THUMBS UP: Solbar barista Nikki Watts (right), pictured with Steph Long, is a seasoned “hospo” worker with nine years under her belt who loves her job but ultimately wants to get into the health industry.
THUMBS UP: Solbar barista Nikki Watts (right), pictured with Steph Long, is a seasoned “hospo” worker with nine years under her belt who loves her job but ultimately wants to get into the health industry. Nicky Moffat

Sunshine Coast youth unemployment rates drop by 4%

FINDING cafe work is easy for barista Nikki Watts, which is why she has stuck with "hospo" since her first job at age 16.

"I've been in hospitality and retail my whole life," she said.

"I'm trying to get into other areas but really, the easiest areas to get jobs are hospitality, so I've just stuck with that."

The 25-year-old now works at Solbar and while she hopes to one day work in health, she was yesterday content to stay at the popular Ocean St venue.

Ms Watts is part of a generation of Sunshine Coast youth for whom job prospects are brighter, according to anti-poverty organisation the Brotherhood of St Laurence, which released its map of regional and rural youth unemployment "hotspots" yesterday.

Happily for local young people, the Sunshine Coast wasn't on it.

The Brotherhood of St Laurence says young people continue to be at higher risk of unemployment than other age groups, with the statewide rate of 13.2% for 15 to 24-year-olds twice that overall rate of 6.1%.

The worst affected areas are in outback Queensland, but nearby Gympie, Hervey Bay and Bundaberg were also trouble spots, at 20.6%.

Will the drop in the youth unemployment rate encourage more young people to stay on the Sunshine Coast?

This poll ended on 22 March 2016.

Current Results

Yes. If there are more jobs fewer people will want to move.


No. I'm we don't yet know if this is a long-term thing.


Maybe. But there will always be young people who leave to for other reasons.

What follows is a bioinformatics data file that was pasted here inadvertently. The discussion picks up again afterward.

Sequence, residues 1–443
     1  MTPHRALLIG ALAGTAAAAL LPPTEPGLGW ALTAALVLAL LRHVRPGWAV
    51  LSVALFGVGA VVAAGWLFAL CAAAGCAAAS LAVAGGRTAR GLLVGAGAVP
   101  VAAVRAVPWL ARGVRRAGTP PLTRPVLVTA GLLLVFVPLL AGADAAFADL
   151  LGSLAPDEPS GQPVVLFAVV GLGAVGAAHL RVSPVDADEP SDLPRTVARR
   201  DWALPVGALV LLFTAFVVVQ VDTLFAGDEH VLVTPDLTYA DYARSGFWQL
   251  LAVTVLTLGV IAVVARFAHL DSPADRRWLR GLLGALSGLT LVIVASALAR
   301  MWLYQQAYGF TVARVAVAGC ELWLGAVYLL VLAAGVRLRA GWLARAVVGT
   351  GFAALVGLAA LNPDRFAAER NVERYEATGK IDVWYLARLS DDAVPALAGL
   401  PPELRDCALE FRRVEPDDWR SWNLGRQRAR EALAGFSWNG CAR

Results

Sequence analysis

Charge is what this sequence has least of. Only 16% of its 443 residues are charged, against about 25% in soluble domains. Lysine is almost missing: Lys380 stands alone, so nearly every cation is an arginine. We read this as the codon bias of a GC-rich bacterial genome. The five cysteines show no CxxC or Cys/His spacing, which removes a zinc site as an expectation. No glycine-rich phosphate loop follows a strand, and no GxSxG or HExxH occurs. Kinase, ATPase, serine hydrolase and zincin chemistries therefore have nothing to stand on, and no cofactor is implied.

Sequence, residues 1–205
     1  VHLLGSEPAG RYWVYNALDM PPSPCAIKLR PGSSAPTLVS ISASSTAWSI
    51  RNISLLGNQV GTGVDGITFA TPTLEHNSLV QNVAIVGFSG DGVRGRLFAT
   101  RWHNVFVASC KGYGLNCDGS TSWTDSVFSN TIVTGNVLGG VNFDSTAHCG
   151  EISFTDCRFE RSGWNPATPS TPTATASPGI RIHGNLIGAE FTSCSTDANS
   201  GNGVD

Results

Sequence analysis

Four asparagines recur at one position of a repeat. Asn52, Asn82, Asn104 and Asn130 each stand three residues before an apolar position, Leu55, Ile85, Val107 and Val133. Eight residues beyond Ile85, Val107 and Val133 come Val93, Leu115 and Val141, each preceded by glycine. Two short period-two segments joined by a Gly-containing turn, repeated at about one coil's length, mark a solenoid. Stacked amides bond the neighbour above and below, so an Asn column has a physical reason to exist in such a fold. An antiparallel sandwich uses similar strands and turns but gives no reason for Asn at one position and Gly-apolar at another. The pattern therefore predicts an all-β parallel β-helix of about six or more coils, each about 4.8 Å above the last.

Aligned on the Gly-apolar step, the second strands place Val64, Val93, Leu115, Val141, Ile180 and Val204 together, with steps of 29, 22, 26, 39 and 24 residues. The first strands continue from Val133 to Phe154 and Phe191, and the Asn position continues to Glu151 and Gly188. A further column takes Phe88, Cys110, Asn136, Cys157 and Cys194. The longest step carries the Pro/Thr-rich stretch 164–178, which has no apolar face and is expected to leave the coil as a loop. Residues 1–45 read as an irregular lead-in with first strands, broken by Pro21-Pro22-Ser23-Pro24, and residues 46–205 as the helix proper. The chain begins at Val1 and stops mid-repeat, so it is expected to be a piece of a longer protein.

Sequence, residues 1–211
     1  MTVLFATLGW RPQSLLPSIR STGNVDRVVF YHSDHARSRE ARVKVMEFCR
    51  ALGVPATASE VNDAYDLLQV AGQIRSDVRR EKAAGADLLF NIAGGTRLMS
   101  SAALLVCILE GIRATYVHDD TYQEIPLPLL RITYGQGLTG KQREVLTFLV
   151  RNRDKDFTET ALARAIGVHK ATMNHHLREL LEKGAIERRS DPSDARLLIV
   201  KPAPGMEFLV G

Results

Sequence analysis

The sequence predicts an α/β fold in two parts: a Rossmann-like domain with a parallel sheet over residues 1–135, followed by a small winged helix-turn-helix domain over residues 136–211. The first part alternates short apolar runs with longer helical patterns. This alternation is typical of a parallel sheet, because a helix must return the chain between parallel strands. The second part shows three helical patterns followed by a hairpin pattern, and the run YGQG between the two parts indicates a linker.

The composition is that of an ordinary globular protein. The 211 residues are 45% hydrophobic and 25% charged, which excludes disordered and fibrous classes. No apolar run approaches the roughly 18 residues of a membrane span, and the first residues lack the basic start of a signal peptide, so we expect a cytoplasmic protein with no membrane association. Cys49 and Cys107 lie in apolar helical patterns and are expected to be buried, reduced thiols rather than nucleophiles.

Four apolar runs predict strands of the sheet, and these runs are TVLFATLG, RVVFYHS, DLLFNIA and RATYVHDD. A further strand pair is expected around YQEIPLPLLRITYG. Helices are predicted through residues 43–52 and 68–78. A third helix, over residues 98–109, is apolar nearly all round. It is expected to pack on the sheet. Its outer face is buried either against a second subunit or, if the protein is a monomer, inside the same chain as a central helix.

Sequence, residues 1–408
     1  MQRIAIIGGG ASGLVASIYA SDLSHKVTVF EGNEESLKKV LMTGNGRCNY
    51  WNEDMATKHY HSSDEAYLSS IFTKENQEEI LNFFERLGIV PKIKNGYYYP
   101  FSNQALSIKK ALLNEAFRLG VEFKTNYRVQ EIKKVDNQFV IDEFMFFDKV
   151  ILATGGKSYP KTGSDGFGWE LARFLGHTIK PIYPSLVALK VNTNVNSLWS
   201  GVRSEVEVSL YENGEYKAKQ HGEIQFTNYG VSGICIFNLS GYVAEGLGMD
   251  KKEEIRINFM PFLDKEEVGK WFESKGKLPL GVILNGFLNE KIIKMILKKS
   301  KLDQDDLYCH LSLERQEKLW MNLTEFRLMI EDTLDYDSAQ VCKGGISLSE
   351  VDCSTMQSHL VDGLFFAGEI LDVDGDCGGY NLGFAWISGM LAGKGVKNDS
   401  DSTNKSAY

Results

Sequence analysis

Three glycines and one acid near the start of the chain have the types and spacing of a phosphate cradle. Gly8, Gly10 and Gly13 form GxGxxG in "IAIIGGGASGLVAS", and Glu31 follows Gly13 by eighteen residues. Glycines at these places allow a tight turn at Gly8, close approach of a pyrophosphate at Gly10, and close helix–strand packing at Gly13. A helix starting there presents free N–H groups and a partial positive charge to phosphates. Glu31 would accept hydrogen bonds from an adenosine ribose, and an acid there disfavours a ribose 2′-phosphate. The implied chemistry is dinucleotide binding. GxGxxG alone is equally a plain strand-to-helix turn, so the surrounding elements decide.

This is not a scientific poll. The results reflect only the opinions of those who chose to participate.

On the Sunshine Coast, youth unemployment is at 9.6% in December - down from 14.2% in November 2014 and 10.5% in October last year. While the Sunshine Coast's youth unemployment problem seems to be diminishing, young people are still leaving the Coast in droves.

A report released by the Sunshine Coast Business Council yesterday shows that the overall number of people moving to the Sunshine Coast has doubled since 2011, but young people aged 18-24 continued to depart. Released ahead of the local council elections on Saturday, the report analysed employment data from the Noosa and Sunshine Coast Council areas over the previous local council term of three years.

SCBC chairwoman Sandy Zubrinich commended the councils for their part in improving the unemployment rate, but called for a review of the Sunshine Coast Regional Economic Development Strategy and urged the new councils to make employment a priority.

The report shows that the industries highlighted in this Sunshine Coast Council strategy as key for the region's future were not yet producing many jobs.

"A lot of people might have thought that employment growth is coming out of health or education, but we've found the growth has not been in those areas just yet," she said.

Ms Zubrinich said the new Sunshine Coast mayors and councillors-elect should consider revisiting the Regional Economic Development Strategy, and include Noosa Regional Council in the discussion, as the issues "don't stop at the LGA (local government area) borders".

The report showed these high-value industries would in the future provide a large number of jobs but this had not taken shape yet.

"We've got to keep trying hard here," Ms Zubrinich said. "That's why we need to see strong leadership coming from council, because we all know that...we're going to have a very tough 2016. So we do want to see opportunities taken."

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